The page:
Christians in Yemen have requested our prayers following the kidnapping on Friday of nine foreigners, including three children. Yesterday (i.e. Monday 15th) it was confirmed that three of them have been murdered. There are reports that others have also been killed, though these reports are unconfirmed. Of the nine who were kidnapped, seven are German, one British and one South Korean. The three confirmed as killed are two German ladies, Anita (aged 24) and Rita, (25), and the South Korean lady, Young-Sun (34).
Kidnapping foreigners has been common in parts of Yemen in recent years, though the usual pattern is that the hostages are released unharmed. This latest incident occurred in the northern province of Saada where there has been unrest for several years. The fifth war between the Houthi rebels and the government ended with a signed peace agreement with the government in July 2008. Generally the agreement has been kept by both parties, but violence has continued on a small scale in pockets. The Yemeni Government has accused the Houthi rebels of carrying out the abductions and murders, while other analysts consider that al-Qaeda may have been responsible. No group has yet claimed responsibility and the Houthi rebels have denied involvement.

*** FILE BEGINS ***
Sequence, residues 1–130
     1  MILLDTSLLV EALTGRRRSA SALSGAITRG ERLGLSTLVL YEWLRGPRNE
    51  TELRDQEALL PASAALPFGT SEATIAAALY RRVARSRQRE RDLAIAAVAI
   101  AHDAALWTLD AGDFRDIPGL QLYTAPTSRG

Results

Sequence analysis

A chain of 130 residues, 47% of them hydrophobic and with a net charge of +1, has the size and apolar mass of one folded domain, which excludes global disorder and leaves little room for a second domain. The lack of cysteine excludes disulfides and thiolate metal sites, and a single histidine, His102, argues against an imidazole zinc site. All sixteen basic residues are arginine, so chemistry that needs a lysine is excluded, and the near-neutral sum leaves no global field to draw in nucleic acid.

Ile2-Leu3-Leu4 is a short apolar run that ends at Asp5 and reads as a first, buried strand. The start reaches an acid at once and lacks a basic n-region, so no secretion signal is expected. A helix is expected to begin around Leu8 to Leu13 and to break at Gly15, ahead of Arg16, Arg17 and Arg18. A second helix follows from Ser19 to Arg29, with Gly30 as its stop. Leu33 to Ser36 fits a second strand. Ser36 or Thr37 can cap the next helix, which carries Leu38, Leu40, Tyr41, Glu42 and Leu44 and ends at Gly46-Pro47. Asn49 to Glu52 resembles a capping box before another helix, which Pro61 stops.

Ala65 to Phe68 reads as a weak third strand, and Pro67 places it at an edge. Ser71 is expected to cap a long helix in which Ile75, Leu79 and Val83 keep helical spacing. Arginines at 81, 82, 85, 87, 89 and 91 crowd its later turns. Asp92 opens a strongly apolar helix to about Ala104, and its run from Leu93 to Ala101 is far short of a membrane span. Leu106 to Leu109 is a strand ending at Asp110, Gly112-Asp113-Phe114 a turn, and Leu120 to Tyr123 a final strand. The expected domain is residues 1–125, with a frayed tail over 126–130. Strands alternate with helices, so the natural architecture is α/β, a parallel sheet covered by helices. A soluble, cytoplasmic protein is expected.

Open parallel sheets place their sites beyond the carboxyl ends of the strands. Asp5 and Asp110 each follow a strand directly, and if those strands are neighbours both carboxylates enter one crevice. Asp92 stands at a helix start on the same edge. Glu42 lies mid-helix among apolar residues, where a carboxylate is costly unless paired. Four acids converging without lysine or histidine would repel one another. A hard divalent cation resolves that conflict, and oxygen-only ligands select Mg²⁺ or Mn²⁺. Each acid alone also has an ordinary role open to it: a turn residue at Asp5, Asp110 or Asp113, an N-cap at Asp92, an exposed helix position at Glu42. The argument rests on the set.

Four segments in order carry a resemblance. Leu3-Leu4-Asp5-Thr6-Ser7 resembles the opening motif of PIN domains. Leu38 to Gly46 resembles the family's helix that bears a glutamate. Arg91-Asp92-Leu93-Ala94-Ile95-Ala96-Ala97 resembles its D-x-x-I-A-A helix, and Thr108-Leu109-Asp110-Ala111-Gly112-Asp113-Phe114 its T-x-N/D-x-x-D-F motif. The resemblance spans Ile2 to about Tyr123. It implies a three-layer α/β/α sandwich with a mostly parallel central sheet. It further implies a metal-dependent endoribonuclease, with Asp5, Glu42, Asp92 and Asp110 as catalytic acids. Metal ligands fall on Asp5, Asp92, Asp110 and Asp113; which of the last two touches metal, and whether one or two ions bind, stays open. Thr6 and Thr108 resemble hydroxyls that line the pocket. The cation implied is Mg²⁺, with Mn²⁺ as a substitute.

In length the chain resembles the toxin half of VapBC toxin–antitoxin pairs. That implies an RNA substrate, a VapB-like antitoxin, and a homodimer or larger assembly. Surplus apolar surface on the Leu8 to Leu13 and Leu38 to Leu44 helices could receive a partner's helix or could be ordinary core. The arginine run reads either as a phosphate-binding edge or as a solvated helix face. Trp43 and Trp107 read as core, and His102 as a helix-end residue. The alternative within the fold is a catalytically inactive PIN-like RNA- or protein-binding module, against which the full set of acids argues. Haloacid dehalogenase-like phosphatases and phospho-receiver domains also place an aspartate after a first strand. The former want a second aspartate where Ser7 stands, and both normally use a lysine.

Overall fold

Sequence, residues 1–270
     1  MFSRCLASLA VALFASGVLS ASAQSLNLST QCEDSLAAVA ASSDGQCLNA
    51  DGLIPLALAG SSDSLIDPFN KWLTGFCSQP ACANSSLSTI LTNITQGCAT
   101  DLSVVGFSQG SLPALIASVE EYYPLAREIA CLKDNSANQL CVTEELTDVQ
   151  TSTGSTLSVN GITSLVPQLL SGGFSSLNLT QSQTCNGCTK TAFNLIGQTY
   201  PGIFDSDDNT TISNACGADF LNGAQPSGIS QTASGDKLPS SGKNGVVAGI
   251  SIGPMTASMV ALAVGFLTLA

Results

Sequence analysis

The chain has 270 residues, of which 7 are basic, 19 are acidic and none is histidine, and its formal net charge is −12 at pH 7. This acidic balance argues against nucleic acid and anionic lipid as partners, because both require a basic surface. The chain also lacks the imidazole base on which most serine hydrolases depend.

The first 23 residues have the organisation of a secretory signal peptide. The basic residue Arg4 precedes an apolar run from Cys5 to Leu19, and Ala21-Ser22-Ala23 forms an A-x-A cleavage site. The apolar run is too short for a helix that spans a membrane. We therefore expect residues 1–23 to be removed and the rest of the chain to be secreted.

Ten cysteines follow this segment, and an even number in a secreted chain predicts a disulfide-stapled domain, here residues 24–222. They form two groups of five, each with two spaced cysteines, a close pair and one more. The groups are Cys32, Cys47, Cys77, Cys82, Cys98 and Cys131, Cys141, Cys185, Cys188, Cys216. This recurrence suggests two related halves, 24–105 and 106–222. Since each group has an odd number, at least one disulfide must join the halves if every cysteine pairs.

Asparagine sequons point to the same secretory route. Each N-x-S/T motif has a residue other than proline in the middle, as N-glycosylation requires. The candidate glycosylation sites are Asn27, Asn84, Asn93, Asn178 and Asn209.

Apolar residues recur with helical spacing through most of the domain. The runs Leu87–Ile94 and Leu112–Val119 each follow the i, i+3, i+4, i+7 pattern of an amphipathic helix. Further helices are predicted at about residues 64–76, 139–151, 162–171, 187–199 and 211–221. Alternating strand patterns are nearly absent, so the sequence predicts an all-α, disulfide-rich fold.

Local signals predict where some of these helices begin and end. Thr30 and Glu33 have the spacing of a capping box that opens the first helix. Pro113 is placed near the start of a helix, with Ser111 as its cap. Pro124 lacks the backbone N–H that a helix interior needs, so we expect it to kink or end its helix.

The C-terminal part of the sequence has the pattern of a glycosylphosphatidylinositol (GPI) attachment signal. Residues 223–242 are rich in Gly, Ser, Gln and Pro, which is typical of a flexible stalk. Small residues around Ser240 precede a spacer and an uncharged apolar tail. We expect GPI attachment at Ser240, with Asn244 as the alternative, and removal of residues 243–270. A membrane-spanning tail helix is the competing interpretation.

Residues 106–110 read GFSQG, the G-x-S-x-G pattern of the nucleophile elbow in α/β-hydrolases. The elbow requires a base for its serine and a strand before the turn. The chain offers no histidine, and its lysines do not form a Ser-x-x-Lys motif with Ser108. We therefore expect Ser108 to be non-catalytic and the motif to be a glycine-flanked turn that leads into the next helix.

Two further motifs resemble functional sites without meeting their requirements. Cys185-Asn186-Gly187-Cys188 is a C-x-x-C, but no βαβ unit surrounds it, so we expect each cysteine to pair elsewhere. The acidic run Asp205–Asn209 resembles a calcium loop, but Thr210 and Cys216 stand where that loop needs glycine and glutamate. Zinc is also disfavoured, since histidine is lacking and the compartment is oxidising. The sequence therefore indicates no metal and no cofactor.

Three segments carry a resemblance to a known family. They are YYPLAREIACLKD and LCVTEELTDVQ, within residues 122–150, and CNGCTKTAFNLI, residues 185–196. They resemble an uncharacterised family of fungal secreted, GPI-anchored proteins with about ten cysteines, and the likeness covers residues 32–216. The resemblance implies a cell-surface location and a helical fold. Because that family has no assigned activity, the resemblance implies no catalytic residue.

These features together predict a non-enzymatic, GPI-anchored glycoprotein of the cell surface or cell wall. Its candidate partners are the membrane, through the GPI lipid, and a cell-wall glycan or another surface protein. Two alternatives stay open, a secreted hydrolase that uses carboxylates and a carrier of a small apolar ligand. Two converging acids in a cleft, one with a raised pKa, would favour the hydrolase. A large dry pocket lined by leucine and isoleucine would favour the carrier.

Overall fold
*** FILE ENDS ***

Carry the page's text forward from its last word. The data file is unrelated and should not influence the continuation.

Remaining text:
Recently there have been increasing protests in southern provinces of Yemen, some of which have become violent. These are generally motivated by a feeling that the federal government in Sana'a is not giving some them a fair share of national resources. In view of these developments many expatriate Christians working in Yemen have been reviewing their security arrangements.
One new concern amongst expatriate Christians is that the murder of the South Korean might lead the Korean government to change the status of their current warning against travel to Yemen from 'advisory' to 'binding', effectively making it a closed country for South Korean nationals. (This currently applies to travel to Afghanistan, Iraq and Somalia). This would force the significant number of Koreans working in Yemen to leave, which would have an impact on several Christian ministries.
Expatriate Christians in Yemen request our prayers that:
a. The families and colleagues of Anita, Rita and Young-Sun will know the comfort of Jesus
b. The perpetrators will be convicted by the Spirit and drawn to the forgiveness, love and true life offered by Jesus
c. All expatriate Christians in Yemen will know the Lord's guiding and protecting at this time
d. The South Korean government will not prevent its citizens from working in Yemen
(c) Middle East Concern